On a legal level, the World Health Organisation (WHO) has just recently recommended that United Nations Member States re-classify cannabis (its effects have not been examined by the WHO since 1961), which would in particular facilitate the medical use of cannabis. In its letter to the UN, the WHO corroborates and concludes the medical effects of cannabis (letter of WHO to Secretary-General of the UN, dated January 24, 2019). As domestic cannabis restrictions are based on the UN's narcotic classification, said requalification are expected to be considered as well in domestic regulation.
Accordingly, it becomes clear that Swiss regulator would have the discretion already now, under the existing legal framework, to re-evaluate their positions towards the cannabis regulation in the light of these recent medical findings and legal recommendations, as the Swiss narcotic legislation grounds on these international obligations. This should support industrial companies in arguing their applications for Exemption Permits under the current regulatory framework.
2. Swiss approach to solve the challenges of the current regulatory framework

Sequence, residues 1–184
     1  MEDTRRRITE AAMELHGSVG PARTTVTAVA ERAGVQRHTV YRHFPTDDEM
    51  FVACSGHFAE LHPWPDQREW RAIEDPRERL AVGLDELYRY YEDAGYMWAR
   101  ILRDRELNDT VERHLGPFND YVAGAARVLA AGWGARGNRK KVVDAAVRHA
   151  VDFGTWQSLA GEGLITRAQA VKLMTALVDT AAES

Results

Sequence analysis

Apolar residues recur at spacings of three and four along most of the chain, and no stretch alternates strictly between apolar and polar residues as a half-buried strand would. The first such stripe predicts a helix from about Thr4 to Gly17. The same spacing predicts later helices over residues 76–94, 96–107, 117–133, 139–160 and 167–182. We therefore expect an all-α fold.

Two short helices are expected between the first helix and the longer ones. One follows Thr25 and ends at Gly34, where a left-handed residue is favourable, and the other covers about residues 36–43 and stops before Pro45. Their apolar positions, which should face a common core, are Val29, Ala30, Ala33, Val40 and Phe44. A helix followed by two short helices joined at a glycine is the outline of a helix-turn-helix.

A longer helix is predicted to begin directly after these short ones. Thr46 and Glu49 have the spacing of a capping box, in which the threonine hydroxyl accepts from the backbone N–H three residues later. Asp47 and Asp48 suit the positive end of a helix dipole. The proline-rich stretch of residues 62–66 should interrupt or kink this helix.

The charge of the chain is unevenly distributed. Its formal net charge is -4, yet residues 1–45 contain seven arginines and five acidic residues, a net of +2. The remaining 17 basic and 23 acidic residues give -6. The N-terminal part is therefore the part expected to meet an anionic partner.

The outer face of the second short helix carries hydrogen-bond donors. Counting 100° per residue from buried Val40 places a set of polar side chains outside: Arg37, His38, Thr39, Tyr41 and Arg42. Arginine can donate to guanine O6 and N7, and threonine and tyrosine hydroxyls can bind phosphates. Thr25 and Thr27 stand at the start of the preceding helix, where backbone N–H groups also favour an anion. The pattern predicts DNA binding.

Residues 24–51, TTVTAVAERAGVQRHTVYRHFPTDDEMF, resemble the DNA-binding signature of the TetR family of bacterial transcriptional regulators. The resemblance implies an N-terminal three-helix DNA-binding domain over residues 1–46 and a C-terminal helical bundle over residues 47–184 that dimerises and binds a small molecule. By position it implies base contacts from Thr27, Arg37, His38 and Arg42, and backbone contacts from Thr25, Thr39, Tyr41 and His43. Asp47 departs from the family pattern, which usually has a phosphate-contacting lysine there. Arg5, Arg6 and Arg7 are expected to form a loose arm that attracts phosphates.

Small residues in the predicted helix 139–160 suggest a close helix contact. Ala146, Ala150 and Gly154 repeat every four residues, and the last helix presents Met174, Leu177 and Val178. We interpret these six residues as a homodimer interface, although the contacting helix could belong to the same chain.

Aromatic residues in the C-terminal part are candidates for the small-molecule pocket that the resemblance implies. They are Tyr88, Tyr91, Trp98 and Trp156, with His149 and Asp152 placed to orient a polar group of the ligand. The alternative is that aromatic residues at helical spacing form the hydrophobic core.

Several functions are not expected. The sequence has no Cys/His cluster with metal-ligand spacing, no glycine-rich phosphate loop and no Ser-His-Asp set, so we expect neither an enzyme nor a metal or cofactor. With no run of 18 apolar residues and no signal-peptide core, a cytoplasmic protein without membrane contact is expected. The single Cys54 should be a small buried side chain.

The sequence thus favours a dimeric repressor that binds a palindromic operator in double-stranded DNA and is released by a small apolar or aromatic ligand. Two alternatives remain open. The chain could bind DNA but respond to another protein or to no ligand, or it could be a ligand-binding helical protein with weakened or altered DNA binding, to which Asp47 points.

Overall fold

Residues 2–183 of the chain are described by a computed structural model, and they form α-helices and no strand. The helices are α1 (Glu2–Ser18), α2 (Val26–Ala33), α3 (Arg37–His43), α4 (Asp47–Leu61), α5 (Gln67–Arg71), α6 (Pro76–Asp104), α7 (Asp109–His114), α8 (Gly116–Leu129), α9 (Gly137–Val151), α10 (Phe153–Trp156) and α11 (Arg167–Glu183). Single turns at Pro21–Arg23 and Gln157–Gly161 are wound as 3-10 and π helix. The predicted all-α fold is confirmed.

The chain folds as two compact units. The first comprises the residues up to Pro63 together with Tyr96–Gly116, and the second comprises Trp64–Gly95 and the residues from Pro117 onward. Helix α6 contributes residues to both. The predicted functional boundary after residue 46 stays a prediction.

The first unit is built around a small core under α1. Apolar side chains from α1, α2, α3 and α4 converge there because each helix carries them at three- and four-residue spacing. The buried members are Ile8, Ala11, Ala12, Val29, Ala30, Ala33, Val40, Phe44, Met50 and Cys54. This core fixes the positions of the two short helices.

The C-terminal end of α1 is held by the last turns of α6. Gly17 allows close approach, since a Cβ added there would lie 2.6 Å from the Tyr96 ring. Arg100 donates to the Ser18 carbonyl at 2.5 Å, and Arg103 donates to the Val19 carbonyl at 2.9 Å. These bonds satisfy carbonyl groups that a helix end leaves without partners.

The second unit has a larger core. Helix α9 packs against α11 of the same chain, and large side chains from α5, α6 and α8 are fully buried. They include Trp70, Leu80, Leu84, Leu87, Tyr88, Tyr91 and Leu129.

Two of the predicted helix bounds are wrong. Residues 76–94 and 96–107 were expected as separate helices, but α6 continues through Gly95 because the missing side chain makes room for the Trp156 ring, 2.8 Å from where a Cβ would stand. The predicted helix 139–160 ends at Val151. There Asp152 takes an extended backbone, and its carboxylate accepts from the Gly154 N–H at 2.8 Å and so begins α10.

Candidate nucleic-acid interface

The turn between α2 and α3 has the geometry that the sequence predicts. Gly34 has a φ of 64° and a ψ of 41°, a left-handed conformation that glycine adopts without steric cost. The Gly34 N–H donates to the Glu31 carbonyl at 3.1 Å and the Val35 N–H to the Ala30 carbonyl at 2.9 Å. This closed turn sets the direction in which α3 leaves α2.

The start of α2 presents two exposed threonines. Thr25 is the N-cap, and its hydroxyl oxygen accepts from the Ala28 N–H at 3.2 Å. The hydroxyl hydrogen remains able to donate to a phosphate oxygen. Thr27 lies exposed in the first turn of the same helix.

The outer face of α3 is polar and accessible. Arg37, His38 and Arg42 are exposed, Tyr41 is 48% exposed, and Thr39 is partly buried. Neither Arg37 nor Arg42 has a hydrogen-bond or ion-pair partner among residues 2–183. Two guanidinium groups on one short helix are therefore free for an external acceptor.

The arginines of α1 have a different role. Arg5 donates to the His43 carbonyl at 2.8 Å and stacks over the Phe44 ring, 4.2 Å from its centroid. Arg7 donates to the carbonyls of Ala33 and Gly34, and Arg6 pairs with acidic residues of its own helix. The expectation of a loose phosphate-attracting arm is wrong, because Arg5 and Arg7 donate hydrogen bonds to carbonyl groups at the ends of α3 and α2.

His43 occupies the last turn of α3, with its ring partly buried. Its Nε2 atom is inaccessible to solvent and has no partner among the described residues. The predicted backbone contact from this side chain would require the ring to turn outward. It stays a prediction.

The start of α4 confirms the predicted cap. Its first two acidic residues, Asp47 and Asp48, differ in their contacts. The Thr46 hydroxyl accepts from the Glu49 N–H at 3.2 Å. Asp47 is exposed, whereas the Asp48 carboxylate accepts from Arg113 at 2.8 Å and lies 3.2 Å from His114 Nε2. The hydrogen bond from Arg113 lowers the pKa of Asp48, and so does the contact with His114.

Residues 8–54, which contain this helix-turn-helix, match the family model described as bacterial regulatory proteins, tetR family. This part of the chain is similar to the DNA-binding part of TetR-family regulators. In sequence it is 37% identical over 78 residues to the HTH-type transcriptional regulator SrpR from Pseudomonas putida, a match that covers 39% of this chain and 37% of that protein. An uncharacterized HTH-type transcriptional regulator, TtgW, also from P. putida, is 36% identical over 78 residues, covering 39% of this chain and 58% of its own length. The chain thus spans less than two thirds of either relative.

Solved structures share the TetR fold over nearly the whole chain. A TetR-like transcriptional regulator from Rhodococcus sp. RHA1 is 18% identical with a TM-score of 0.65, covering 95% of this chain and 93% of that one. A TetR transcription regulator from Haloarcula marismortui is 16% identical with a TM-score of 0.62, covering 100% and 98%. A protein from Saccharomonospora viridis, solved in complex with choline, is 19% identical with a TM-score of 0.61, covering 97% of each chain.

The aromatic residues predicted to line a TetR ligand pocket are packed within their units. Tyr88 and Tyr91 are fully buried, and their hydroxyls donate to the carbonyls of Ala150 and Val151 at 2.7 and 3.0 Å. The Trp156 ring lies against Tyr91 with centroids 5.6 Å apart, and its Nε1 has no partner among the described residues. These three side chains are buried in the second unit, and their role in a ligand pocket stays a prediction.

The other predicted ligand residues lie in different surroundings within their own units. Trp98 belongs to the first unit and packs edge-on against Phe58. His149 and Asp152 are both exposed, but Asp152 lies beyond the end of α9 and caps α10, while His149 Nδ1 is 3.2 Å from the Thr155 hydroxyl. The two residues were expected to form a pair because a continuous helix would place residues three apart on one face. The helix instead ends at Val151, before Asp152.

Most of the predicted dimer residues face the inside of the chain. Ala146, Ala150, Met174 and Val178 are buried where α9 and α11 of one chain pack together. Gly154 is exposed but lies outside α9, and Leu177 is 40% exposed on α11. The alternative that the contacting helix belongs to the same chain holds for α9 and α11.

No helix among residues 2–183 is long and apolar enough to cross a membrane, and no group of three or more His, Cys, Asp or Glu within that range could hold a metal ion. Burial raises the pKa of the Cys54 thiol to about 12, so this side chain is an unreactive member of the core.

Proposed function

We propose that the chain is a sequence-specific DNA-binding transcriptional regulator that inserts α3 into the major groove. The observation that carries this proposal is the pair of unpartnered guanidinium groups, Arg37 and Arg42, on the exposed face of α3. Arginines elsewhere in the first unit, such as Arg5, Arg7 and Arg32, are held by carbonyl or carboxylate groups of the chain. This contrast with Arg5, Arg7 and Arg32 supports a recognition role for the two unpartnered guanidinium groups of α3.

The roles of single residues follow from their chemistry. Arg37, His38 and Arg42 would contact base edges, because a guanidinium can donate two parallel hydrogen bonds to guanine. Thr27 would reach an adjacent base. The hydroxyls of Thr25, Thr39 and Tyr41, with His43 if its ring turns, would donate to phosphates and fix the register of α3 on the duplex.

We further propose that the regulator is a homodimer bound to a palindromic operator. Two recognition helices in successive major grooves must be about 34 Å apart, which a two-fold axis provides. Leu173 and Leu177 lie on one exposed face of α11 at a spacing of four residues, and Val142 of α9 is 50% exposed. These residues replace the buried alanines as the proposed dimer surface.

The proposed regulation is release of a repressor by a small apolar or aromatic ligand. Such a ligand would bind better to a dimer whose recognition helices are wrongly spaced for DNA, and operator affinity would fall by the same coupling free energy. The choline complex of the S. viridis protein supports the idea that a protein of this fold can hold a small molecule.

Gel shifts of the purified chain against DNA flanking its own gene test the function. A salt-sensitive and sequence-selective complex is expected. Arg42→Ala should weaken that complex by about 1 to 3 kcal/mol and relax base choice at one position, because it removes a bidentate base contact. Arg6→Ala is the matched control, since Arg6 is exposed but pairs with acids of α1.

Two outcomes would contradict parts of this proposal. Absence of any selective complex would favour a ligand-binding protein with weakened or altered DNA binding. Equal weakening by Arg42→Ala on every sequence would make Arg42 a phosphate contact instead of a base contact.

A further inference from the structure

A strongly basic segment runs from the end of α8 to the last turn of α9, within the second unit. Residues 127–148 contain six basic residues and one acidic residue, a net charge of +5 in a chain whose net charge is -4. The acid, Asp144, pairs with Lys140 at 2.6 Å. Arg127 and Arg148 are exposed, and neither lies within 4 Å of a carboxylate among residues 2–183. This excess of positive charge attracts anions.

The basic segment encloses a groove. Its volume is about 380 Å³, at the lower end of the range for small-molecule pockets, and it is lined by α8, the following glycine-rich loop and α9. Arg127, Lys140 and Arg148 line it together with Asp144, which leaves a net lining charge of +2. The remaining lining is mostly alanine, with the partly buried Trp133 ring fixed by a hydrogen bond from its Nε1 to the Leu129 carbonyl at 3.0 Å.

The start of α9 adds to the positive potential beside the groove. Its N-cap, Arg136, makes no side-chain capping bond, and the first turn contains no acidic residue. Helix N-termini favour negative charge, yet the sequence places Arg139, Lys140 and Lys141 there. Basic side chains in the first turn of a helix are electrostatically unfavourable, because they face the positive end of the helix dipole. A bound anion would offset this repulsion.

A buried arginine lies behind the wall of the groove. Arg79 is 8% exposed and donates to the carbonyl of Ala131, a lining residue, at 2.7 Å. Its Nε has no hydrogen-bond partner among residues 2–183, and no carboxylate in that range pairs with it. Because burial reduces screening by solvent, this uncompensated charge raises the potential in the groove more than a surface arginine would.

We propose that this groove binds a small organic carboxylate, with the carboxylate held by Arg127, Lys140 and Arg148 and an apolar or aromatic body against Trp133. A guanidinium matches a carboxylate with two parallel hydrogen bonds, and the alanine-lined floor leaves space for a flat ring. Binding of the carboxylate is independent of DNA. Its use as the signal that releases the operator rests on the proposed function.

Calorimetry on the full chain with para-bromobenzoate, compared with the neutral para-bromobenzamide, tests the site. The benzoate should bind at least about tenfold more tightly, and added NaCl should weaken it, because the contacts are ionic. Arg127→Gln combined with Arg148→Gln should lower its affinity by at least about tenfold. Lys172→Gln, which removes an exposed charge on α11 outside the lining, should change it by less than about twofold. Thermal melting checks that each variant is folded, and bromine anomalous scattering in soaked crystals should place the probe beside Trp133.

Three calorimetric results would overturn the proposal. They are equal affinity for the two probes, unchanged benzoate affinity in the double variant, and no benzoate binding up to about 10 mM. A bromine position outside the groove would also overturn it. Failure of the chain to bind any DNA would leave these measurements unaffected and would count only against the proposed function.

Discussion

The increasing demand for Exemption Permits as well as the clearly manifested public and political will for controlled but simplified access to cannabis drugs indicates that the narrow scope of limited medical use of cannabis by means of exemptions might no longer be adequate today. The Federal Council therefore suggested in its report to the implementation of the parliamentary motion of Margrit Kessler dated July 4, 2018, to revise the narcotics law to the effect that a medical use of cannabis would no longer be subject to the general prohibition (amendment of Art. 8 para. 1 (d) NarcA), but to a regular narcotics licensing and control system (Art. 4 et seq. NarcA). As this would remove the existing system for granting special Exemption Permits for the medical use of cannabis, the existing control and authorisation system for the cultivation of cannabis in Switzerland would still have to be amended in compliance with the obligations of international obligations (in particular Art. 23 and 28 SCND).